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Strolling Down Book Lane, Turning Up Leaves

March 22, 1987|DON JAMES | James is a Los Angeles free-lance writer.

Ever start a vacation with reams of instructions and directions from well-meaning friends, only to discover that the "miles" are kilometers? You end up seeking divine help at a remote monastery or transportation at a Cheap-Charlie car rental agency.

In any case, a lot of time can be saved by taking along a supply of specific guidebooks for just your destination. And, too, books that will put you on the right track to fit your life style, whether you're looking for exotic cuisine, swinging singles, particular age groups, certain accommodations and/or other amenities.

The following guides are selected from recent columns, worth repeating for the international traveler. (Note: Prices are those quoted at the time reviews were published.)

For a more fun for the dollar vacation . . . "22 Days--Step by Step" guides to "Spain and Portugal" and to "Great Britain" present a worthy selection of itineraries. Rick Steve has also included one-day plans, schedules, bistros, cultural vignettes, et al., to help catch the more important see-and-do items (John Muir: $4.95 each).

Jack D. Novick offers solutions to medical, legal, financial, customs, duties and many more questions in "Legal Guide for American Travelers to Europe--A Practical Guide to 13 Countries." Don't leave home without this pocket-size book (Almanac: $6.95).

For a comprehensive guide to worldwide transportation, lodgings and attractions, "You Can Travel Free" by Robert W. Kirk presents hundreds of ideas and sources on how to take advantage of many free opportunities. It's worth the investment to get the feel of off-beat accomplishment (Pelican: $7.95).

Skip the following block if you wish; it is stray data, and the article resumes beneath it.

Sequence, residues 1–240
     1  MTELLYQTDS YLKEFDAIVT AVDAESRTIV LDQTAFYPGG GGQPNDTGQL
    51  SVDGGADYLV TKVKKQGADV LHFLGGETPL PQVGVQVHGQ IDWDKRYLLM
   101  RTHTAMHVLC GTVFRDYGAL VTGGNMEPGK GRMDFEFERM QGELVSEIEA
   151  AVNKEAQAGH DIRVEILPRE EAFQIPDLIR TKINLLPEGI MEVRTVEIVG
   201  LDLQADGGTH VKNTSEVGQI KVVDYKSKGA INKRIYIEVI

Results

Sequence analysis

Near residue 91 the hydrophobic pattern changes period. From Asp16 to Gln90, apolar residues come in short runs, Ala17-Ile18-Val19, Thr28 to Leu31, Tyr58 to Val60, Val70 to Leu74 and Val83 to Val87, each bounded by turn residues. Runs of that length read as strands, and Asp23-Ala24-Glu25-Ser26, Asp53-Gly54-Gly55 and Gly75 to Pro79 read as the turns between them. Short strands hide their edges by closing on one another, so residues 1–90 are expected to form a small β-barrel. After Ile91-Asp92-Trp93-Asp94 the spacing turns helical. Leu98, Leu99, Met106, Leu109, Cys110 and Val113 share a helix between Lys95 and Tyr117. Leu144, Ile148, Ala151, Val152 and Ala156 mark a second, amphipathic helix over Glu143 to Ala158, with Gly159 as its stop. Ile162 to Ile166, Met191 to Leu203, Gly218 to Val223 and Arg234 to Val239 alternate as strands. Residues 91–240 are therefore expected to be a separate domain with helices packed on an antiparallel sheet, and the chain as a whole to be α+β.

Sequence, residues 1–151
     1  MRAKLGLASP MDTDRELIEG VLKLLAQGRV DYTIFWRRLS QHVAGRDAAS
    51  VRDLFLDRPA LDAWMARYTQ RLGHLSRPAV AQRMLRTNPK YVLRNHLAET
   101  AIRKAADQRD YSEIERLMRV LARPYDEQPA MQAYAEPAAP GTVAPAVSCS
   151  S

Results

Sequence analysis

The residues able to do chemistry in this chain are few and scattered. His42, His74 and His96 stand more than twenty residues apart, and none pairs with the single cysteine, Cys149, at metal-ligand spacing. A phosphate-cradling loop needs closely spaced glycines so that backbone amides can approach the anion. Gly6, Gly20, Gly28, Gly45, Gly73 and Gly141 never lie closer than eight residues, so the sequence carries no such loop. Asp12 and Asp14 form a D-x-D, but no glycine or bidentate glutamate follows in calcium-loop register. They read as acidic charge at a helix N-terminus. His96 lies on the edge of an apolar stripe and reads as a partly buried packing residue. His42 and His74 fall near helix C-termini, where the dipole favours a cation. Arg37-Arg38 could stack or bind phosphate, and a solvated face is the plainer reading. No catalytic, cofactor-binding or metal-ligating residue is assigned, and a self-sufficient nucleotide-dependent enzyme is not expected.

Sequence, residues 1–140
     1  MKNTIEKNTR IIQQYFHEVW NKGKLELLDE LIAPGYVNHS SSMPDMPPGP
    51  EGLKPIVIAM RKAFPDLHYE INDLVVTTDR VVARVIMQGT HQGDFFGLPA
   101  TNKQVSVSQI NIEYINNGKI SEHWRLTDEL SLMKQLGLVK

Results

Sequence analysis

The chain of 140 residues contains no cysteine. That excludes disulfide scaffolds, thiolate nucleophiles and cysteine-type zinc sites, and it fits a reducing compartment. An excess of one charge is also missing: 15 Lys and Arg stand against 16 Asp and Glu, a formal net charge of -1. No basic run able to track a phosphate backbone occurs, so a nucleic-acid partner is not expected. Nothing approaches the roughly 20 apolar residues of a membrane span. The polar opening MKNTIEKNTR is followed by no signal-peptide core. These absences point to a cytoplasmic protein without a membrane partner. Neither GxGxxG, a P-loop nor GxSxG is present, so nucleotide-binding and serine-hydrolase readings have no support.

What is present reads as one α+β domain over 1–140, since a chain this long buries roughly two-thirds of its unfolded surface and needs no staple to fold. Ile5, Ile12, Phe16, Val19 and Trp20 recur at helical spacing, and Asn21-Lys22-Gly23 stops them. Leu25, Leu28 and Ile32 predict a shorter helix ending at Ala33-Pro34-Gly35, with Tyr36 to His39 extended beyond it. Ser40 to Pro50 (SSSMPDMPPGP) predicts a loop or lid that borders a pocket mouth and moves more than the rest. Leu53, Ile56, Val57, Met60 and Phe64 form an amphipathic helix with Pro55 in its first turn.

"Rand McNally's Road Atlas and City Guide--Europe" ($12.95) is a collection of maps of each country and 85 cities that includes lots of general detail for a happier vacation.

Air travelers can alleviate jet lag and the accompanying pressures, time changes, diet, etc., with Charles F. Ehret and Lynne Waller Scanlon's "Overcoming Jet Lag." Anyone flying nationally or internationally will find the information important (Berkeley Trade Paperbacks: $4.95).

"Hong Kong, Macao & Canton--A Travel Survival Kit" by Carol Clewlow will make a visit to this area of 326 islands and an ever-changing skyline more enjoyable. It's crammed with good advice and important know-how that includes maps, where to stay, eat, shop or gamble (Lonely Planet: $7.95).

With a copy of "Born to Shop" "Italy" ($5.95) or "France" ($6.95) by Susan Schneider Thomas, it should be easier to bring back a gift for that special friend. The books offer advice on where and how to get the most for your money, including some special shopping tips, name brands and counterfeit awareness, customs, shipping, etc. (Bantam).

Frommer's "Motorist's Phrase Book--French, German and Spanish" is great for communicating on many subjects besides motoring, i.e., asking for a safety pin (Simon & Schuster: $4.95).

The "Best Guides" for "London" ($13.95) or "France" ($14.95) by Gault and Millau have been described as witty, breezy and opinionated. For 25 years both authors have been considered by many as the foremost critics on the art of fine living, with inside looks into the best or sometimes the worst (Crown).

"Travel Key Europe" is a detailed guide on how to get around the Continent. It points out how to avoid some pitfalls, hazards or embarrassing situations, i.e., finding the right public toilet in Yugoslavia where either a man's shoe or a woman's shoe is the only identification (Travel Press: $9.95).

Planning a vacation timed to include a celebration or two on the way? It will be easier with "A Guide to World Fairs and Festivals" by Frances Shemanski. The selection is almost limitless and includes such events as Buffalo Days, Cat Parade, Singapore Arts Festival, Le Mans Race, etc., (Greenwood Press: $29.95).

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